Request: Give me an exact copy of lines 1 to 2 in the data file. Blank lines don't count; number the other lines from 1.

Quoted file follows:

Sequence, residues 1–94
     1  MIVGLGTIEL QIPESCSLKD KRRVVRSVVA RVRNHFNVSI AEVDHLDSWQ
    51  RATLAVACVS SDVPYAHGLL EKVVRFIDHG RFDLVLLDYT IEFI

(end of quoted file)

Sequence, residues 1–94
     1  MIVGLGTIEL QIPESCSLKD KRRVVRSVVA RVRNHFNVSI AEVDHLDSWQ